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Winning the fight against prostate cancer

With almost 200,000 men diagnosed each year, prostate cancer is the most common cancer in American men. And with an annual toll of about 40,000, it's among the deadliest. • But with early detection and new treatment options, the future is looking better than ever for men who receive this diagnosis. Here are some of the questions I've heard most often about treating prostate cancer.

What's the latest in prostate cancer treatments?

There is no one treatment that is best for all patients, so it's important to do your homework.

The tried-and-true treatments of surgery, radiation therapy and brachytherapy (seed implants) are still the ones I recommend, since they have at least 15 years of results behind them.

There are newer treatments, with less than five years follow-up that have their advocates. They are: Cyberknife, HIFU (High-Intensity Focused Ultrasound), and localized cryosurgery.

Every cancer patient has different risk factors, life situations and emotional reactions, all of which must be considered.

Tell me more about the traditional treatments.

• Watchful waiting: For low-risk, small cancers in patients who are comfortable with having multiple biopsies and PSAs to track the cancer.

• Radical prostatectomy. Recommended on its own for low-risk groups; possibly combined with radiation and/or chemotherapy in high risk patients. The entire prostate, seminal vesicles and lymph nodes are removed, preserving the nerves to the penis. It can be done with an open incision or with less invasive laparoscopic or robotic surgery.

Surgery has an increased risk of incontinence and erectile dysfunction compared with other therapies, but these are reduced significantly with the latest techniques and an experienced surgeon. It's the only treatment that lets us know the disease stage precisely.

• Radiation therapy is less invasive, but takes visits of 30 minutes, five times a week for seven weeks. The beam is highly focused to the tumor so exposure to surrounding tissue is minimal. More rectal, bladder and bowel irritation occur than with surgery, but are usually short-lived. The risk of ED may be less.

• Brachytherapy is the implantation of radioactive iodine or palladium seeds, the size of rice grains, into the prostate. It is a single outpatient procedure. A catheter is kept in overnight and then the patient is back to normal activities in a few days. The radiation dose is low and confined to the prostate with little rectal or bladder effects. More urinary frequency and burning is experienced, but this usually is short-lived. There should be less ED and no incontinence unless the patient had previous prostate surgery.

How do I know how aggressive my prostate cancer is?

There is no definitive test to tell you if your tumor is aggressive or harmless. But we do have some reasonable indicators. First, know your Gleason score (a measure of how the cancer cells look under the microscope).

Generally, a Gleason of 6 is slow growing, A score of 7 and above is more worrisome. Know how many biopsies your doctor obtained (12 should be the minimum; fewer, and cancer cells can be missed), and know how fast your PSA (prostate-specific antigen) has been changing from year to year (the faster it has been rising the quicker you need treatment). PSA and the Gleason score determine your risk group.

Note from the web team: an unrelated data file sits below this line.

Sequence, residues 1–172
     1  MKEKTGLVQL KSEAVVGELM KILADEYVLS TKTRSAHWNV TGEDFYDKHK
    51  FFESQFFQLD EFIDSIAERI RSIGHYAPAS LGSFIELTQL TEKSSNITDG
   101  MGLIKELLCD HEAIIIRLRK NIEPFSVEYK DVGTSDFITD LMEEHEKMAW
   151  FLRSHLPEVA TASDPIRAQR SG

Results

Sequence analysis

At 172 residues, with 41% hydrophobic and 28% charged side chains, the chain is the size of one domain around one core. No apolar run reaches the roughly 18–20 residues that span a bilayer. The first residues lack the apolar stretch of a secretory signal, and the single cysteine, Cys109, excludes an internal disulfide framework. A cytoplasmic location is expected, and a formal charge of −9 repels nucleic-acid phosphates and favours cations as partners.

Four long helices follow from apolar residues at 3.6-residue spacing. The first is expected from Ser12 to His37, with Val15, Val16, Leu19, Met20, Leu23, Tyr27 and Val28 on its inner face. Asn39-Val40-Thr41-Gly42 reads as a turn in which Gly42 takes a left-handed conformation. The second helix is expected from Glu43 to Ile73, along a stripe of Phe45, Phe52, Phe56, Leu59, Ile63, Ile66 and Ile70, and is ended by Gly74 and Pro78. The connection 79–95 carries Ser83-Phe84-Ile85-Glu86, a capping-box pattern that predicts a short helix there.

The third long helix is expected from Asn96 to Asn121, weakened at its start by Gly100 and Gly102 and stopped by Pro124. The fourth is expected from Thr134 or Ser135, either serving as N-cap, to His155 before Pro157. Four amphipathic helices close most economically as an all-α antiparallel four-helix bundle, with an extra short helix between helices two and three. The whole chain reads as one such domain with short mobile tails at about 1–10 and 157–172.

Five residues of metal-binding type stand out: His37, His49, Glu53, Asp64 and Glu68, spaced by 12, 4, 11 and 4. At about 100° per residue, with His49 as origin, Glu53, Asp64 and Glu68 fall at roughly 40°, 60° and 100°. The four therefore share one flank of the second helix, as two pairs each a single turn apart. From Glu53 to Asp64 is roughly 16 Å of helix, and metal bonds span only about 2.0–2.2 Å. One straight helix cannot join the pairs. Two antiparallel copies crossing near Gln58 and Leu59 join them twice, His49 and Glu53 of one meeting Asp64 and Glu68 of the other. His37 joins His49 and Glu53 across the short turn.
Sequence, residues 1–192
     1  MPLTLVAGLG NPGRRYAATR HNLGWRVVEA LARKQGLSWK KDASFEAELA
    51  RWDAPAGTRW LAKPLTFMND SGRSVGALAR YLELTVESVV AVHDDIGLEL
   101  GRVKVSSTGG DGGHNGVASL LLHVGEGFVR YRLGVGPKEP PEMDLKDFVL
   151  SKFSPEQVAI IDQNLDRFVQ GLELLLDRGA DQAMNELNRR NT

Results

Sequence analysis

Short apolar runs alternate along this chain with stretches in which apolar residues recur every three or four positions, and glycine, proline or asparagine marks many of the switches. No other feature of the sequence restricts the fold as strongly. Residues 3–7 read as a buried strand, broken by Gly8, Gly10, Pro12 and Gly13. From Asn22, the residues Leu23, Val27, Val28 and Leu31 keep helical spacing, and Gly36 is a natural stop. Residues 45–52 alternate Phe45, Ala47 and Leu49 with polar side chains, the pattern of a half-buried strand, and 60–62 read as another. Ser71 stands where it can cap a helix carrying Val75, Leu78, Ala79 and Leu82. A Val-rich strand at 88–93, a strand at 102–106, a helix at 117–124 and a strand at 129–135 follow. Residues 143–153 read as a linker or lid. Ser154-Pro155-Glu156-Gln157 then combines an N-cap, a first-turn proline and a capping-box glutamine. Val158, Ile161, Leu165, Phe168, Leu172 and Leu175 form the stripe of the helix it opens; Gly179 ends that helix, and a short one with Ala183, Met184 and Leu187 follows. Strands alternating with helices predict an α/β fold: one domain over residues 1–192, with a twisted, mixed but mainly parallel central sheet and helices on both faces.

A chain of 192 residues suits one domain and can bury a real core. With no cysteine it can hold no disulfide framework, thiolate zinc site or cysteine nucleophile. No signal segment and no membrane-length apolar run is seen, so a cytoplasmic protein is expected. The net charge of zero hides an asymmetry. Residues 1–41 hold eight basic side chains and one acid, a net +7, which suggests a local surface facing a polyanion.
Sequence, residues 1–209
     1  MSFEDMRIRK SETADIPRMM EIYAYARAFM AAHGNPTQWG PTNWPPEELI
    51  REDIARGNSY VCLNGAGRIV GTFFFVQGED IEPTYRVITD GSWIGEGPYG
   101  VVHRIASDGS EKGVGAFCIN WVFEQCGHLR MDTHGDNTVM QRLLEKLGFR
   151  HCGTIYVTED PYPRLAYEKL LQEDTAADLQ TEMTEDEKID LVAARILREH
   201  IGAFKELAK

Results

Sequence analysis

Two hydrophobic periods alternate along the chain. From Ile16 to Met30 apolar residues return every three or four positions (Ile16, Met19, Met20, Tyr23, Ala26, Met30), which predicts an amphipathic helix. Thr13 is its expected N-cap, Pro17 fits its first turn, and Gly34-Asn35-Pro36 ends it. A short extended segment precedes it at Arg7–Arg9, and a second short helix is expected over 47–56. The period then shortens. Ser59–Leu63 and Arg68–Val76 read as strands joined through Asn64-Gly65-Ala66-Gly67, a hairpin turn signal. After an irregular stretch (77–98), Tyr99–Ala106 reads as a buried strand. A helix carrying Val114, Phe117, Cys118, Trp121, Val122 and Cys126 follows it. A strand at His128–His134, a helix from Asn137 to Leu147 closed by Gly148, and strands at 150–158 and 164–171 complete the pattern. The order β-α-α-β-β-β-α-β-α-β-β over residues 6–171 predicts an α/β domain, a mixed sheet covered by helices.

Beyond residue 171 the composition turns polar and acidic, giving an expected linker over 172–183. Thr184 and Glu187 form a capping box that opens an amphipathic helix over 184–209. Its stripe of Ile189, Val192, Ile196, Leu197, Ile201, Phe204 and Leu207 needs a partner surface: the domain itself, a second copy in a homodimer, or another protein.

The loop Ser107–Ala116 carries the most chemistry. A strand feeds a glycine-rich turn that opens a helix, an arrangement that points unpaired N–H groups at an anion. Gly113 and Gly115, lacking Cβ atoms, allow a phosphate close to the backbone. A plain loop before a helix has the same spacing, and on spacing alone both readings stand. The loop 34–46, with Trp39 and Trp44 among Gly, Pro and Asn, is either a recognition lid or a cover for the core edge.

That's a lot to handle all at once.

Take your time, get the facts, make the decision that's most comfortable for you, then move forward with confidence. This is not an emergency decision.

What other questions should I be asking?

If you are considering surgery, ask your doctor how many procedures he has done, and what his results are. Ask about complications.

Seek second opinions from other surgeons, medical oncologists and radiation therapists. (Be aware, though, that doctors in each specialty usually think their treatment is the best.) Ask for names of patients willing to talk with you about their treatments. Study your condition on the Internet. Discuss the options carefully with friends and family, especially your significant other.

What are the cure rates of the various options?

That depends on the patient's risk group and the doctor's experience. Your doctor can tell you what his or her own cure rates are. General rates, calculated from large medical centers across the country, are excellent for low-risk patients who have surgery, radiation or seed implants, around 95 percent.

Cure rates for those at intermediate risk are 65 to 80 percent, but are improved with combination therapies. Patients at high risk can have cure rates of 55 to 75 percent, depending on whether the cancer has spread beyond the prostate itself.

What if my treatment fails?

There are now many options for treatment failures — radiation therapy after surgery; cryosurgery after radiation therapy or seeds; salvage radical prostatectomy by experts. Hormone therapy is often used successfully for years.

Newer forms of chemotherapies are also in use and more are in development.

Dr. Sharkey is a prostate cancer educational consultant in Palm Harbor and was in full-time urological practice for 40 years. Contact him at (727) 786-4531 or at urologyhealth@yahoo.com.

More prostate cancer references:

Books:

Prostate Cancer for Dummies, by Paul Lange, is a concise guide.

Guide to Surviving Prostate Cancer, by Patrick Walsh, is a more detailed book

On the web:

Zero: The Project To End Prostate Cancer: www.zerocancer.org

National Comprehensive Cancer Network: www.nccn.com

American Cancer Society: www.cancer.org

Winning the fight against prostate cancer 03/12/10 [Last modified: Friday, March 12, 2010 10:03am]
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